Between 2010 and the first quarter of 2019, U.S. power companies announced the retirement of more than 546 coal-fired power units, totaling about 102 gigawatts (GW) of generating capacity. Plant owners intend to retire another 17 GW of coal-fired capacity by 2025, according to the U.S. Energy Information Administration’s (EIA) Preliminary Monthly Electric Generator Inventory. After a coal unit retires, the power plant site goes through a complex, multi-year process that includes decommissioning, remediation, and redevelopment.
Coal-fired power plants in the United States remain under significant economic pressure. Many plant owners have retired their coal-fired units because of relatively flat electricity demand growth and increased competition from natural gas and renewables. In 2018, plant owners retired more than 13 GW of coal-fired generation capacity, which is the second-highest annual total for U.S. coal retirements in EIA’s dataset; the highest total for coal retirements, at 15 GW, occurred in 2015.
In 2018, 89 utilities—or nearly half of all major U.S. electric utilities—tried to change electricity rates by filing rate cases with state regulatory commissions; this number was the largest number since 1983. U.S. public electric utility companies must obtain permission from their regulators before changing the rates they charge customers. Of the 89 utilities filing rate cases in 2018, 10 proposed to decrease rates, 1 negotiated a rate freeze until 2020, and the other 78 utilities proposed rate increases.
Regulated electric utilities can request rate changes to help recover expenses for building, operating, and maintaining their electric generators, transmission and distribution equipment, and other buildings and equipment. In addition, utilities have the right to earn a return on their investments.
The number of electric utility rate cases typically reflects changes in the costs of generating and delivering electricity. In 2018, increases in spending for electricity transmission and delivery, rather than for electric generation, drove most of the approved rate increases.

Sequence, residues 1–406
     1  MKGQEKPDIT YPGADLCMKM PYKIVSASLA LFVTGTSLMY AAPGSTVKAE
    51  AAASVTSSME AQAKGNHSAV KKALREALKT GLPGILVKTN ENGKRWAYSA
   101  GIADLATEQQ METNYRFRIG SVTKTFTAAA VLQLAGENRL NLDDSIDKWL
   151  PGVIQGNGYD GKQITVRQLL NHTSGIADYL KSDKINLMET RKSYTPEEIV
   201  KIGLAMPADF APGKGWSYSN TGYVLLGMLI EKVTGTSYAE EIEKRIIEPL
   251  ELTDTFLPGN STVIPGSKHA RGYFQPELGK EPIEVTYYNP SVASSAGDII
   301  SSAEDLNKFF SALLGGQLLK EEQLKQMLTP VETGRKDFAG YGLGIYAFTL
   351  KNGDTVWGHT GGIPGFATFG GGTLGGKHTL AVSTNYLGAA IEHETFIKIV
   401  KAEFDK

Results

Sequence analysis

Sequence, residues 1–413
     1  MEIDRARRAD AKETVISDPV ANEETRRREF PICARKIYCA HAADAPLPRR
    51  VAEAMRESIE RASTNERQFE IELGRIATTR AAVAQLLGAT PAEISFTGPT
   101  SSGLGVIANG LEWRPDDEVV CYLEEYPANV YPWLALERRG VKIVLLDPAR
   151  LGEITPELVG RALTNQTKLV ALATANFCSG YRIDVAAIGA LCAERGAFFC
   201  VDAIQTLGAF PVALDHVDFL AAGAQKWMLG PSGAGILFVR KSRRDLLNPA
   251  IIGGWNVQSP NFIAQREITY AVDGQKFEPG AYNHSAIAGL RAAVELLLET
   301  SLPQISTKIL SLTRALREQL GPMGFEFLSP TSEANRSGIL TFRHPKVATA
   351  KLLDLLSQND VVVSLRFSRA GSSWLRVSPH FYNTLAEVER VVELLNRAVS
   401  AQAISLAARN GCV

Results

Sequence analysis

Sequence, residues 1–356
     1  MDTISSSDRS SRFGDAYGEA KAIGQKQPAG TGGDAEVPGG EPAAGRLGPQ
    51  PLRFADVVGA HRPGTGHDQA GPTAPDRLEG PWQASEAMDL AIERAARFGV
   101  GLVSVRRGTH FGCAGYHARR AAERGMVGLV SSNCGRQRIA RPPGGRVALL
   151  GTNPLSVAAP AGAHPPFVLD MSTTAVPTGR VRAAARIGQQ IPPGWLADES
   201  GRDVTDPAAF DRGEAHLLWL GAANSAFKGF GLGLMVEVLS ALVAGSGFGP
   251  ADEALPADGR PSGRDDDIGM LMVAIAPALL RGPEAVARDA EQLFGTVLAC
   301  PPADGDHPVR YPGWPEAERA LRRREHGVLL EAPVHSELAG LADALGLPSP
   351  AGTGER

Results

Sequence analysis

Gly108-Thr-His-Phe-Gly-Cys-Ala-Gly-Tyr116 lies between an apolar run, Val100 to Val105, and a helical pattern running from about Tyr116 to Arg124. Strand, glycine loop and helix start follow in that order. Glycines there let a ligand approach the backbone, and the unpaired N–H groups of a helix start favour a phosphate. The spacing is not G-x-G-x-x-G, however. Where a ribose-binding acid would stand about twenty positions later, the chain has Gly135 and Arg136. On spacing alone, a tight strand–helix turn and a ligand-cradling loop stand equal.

In its July 2019 Short-Term Energy Outlook (STEO), the U.S. Energy Information Administration (EIA) forecasts Henry Hub natural gas spot prices for June, July, and August this year will average $2.37 per million British thermal units (MMBtu). If realized, this price would be the lowest summer average Henry Hub natural gas price since 1998. EIA expects Henry Hub natural gas prices will be 55 cents/MMBtu, about 19%, lower than last summer’s average.
In the July STEO, EIA revised its forecast for 2019 Henry Hub natural gas prices down from the June STEO following three consecutive months of price declines. Prices in June averaged $2.40/MMBtu and have declined by 19% since March.
After a 2.7% increase in U.S. energy-related carbon dioxide (CO2) emissions in 2018, EIA’s July Short-Term Energy Outlook (STEO) forecasts a 2.2% decrease in CO2 emissions for 2019. Nearly all of the forecast decrease is due to fewer emissions from coal consumption. Forecast natural gas CO2 emissions increase and petroleum CO2 emissions remain virtually unchanged.
Based on data in EIA’s Monthly Energy Review, energy-related CO2 emissions in the first three months of 2019 were largely similar to those in the first three months of 2018. In the first quarter of 2019, EIA estimates that U.S. energy-related emissions totaled 1,367 million metric tons (MMmt), which is nearly equal to those in the first quarter of 2018.
Utility-scale battery storage units (units of one megawatt (MW) or greater power capacity) are a newer electric power resource, and their use has been growing in recent years. Operating utility-scale battery storage power capacity has more than quadrupled from the end of 2014 (214 MW) through March 2019 (899 MW). Assuming currently planned additions are completed and no current operating capacity is retired, utility-scale battery storage power capacity could exceed 2,500 MW by 2023.
EIA's Annual Electric Generator Report (Form EIA-860) collects data on the status of existing utility-scale battery storage units in the United States, along with proposed utility-scale battery storage projects scheduled for initial commercial operation within the next five years. The monthly version of this survey, the Preliminary Monthly Electric Generator Inventory (Form EIA-860M), collects the updated status of any projects scheduled to come online within the next 12 months.